at the Climate neutral unconference

The Seattle project

Courtesy Michael @ NW Lens via FlickrOn a wintery, gusty morning last Saturday, Seattle Mayor Mike McGinn rode his bicycle down from his north-side home to a downtown architecture and design firm for a rather unmayoral event. Some 60 or 70 people had gathered for a daylong “unconference,” a loosely organized bring-your-own-lunch affair, to plot how Seattle can become the first carbon neutral city in North America. Here’s the background, quickly: Last fall, at a two-night lecture at Seattle’s Town Hall, Worldchanging’s Alex Steffen invited the city to adopt a goal of complete carbon neutrality by 2030. This drew attention. …

Vive la différence

My family (yours, too) needs rich social spaces–not cars–to be happy

Lisa’s fantastic essay, “Say it loud: I’m childfree and I’m proud,” had 196 comments last time I checked. If you haven’t read it, you really should. I’ll wait here. … It got me thinking. Pardon a weekend ramble. Me and my little resource hogs.I’m a father of two boys and I’ve absolutely loved it. I was making pretty poor use of being childless anyway, and it turns out having kids suits me better than independence ever did. But my first reaction to Lisa’s essay was not defensiveness. It’s not like we’re taking a quiz and there’s only one right answer. …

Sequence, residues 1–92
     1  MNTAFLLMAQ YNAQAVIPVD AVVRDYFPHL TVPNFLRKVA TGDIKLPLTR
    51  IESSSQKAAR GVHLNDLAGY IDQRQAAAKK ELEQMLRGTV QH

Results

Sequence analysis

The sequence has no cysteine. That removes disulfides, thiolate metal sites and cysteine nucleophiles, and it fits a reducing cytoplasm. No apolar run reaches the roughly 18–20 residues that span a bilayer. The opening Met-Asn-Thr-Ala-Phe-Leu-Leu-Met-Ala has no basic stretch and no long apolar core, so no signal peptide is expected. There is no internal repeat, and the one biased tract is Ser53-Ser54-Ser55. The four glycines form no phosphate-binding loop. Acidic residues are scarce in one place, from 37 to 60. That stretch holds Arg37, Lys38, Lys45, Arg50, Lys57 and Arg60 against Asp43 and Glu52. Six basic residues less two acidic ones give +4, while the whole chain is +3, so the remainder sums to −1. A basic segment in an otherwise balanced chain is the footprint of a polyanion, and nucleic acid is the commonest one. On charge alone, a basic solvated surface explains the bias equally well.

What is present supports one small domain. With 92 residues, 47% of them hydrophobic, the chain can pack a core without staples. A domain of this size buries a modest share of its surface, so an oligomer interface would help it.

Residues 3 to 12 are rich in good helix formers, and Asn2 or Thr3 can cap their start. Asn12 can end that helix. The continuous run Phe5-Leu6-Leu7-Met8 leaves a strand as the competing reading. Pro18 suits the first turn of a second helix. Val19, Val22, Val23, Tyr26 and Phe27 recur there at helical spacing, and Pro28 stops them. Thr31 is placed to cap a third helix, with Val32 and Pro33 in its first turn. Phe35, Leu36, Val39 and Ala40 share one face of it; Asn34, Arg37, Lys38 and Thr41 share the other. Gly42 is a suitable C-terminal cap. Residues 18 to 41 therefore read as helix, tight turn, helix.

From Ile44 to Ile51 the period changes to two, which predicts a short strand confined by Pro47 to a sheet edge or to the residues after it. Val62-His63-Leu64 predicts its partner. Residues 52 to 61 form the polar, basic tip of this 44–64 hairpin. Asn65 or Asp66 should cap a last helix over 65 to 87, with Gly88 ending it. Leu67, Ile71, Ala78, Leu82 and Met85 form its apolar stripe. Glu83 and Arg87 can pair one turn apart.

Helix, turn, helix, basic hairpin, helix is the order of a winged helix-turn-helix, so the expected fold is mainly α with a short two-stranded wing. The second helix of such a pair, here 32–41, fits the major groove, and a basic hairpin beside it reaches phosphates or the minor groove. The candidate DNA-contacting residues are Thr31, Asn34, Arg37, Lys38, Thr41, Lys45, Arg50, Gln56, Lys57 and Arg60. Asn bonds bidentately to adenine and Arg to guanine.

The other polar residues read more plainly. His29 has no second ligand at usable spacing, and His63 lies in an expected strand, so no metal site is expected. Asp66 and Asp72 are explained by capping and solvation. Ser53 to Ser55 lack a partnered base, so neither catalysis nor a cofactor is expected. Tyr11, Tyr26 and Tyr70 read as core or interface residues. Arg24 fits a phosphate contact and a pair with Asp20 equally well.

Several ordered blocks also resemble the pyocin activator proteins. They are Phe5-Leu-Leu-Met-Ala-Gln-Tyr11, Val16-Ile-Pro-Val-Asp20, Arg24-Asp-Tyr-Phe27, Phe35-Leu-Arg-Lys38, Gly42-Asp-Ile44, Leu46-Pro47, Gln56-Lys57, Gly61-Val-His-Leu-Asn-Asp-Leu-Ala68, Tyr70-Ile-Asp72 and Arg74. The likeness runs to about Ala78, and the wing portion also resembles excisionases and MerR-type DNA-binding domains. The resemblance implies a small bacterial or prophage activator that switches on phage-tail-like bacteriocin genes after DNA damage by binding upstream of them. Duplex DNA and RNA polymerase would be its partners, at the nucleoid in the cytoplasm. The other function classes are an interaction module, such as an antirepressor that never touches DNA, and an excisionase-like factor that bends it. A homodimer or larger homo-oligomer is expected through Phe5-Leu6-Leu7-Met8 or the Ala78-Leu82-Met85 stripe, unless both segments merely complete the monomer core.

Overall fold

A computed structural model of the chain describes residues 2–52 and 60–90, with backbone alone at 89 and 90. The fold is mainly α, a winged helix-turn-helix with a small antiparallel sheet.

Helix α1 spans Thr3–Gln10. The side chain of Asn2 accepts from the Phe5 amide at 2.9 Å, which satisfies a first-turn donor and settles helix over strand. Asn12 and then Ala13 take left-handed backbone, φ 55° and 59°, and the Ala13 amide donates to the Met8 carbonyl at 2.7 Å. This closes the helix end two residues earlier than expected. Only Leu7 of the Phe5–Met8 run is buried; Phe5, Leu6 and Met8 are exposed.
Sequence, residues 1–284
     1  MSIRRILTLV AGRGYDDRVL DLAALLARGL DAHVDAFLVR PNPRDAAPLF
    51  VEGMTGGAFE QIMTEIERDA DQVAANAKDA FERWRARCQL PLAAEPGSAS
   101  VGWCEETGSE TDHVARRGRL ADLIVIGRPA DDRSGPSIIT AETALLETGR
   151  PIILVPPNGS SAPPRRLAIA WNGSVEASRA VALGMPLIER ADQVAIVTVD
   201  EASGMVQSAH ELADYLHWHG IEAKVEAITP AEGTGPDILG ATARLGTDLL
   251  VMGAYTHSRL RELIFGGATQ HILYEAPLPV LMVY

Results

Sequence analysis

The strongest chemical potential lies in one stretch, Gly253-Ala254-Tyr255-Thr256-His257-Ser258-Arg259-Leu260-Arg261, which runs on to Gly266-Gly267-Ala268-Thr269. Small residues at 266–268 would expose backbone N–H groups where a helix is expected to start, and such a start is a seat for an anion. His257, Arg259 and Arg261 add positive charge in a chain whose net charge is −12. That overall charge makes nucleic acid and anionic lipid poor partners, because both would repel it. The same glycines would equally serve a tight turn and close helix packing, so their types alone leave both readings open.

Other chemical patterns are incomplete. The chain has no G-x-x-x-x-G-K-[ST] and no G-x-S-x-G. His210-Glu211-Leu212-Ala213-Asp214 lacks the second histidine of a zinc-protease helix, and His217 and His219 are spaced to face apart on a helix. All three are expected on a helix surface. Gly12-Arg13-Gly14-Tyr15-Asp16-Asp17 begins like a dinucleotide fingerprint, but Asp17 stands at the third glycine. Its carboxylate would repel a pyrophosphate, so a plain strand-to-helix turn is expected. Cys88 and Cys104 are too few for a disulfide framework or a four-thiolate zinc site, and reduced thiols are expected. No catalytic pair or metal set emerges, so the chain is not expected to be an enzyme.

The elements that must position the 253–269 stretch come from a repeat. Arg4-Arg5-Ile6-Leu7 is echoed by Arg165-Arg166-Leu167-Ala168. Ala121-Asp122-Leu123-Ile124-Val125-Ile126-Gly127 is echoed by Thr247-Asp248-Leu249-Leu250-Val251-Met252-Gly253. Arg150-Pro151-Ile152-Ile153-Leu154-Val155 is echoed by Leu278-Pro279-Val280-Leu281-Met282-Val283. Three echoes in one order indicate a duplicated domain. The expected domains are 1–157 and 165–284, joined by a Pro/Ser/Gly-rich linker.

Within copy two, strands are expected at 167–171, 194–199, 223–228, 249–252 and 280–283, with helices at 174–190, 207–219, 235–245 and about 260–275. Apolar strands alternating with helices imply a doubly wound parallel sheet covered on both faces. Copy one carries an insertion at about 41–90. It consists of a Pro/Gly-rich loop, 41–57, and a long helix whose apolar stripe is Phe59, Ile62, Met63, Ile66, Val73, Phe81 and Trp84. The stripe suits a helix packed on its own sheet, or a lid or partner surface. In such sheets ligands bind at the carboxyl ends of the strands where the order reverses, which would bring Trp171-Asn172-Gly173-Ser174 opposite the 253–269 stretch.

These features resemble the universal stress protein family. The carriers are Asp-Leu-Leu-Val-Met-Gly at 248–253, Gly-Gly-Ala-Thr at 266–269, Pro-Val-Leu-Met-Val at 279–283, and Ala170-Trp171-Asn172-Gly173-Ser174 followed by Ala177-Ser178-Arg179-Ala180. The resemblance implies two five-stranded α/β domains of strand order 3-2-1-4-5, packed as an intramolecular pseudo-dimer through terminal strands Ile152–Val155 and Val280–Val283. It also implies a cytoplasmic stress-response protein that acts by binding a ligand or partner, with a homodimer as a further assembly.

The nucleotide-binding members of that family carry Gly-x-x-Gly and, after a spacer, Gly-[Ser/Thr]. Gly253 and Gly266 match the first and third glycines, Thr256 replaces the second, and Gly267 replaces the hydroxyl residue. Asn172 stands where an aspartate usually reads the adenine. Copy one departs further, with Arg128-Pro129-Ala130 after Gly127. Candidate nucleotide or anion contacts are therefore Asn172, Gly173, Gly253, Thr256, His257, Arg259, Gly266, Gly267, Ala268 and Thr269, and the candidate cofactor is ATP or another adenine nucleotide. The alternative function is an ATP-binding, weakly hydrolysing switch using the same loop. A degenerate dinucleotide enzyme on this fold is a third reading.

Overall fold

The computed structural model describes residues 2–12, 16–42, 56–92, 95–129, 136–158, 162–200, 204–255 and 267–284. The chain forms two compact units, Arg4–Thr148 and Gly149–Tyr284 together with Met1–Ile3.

connect the DOTS

Do Americans really make the connection between transportation, oil use, and environmental impacts?

The national poll that Transportation for America released this week makes it clear that Americans are overwhelmingly in favor of increasing our access to transportation options, no matter where they live in America — big cities, suburbs, small towns, or rural areas. The majority believes that their community — and the country as a whole — would benefit from an expanded and improved public transportation system including rail and buses. Americans not only underestimate how much of their tax dollars actually go to roads and bridges, 58 percent think we should be spending more of those dollars on public transportation …

Imagine there's no drilling, and other wishful woo woo

Understanding the allure of ‘drill baby drill’

President Obama’s decision to expand offshore drilling leases seems to affirm the power that the “drill baby drill” battle cry holds in the American energy conversation. Turns out a short, simple, much-repeated slogan holds more currency than detailed policy arguments from clean-energy advocates. I want to tease out a connection between “drill baby drill” and what you might call the forward-looking bright green vision. Sean Casten is fond of a Soviet bread-line metaphor: Hungry Bolsheviks standing in line for bread can probably imagine more of the same stale, dry white bread. When they demand more, they’ll probably call for more …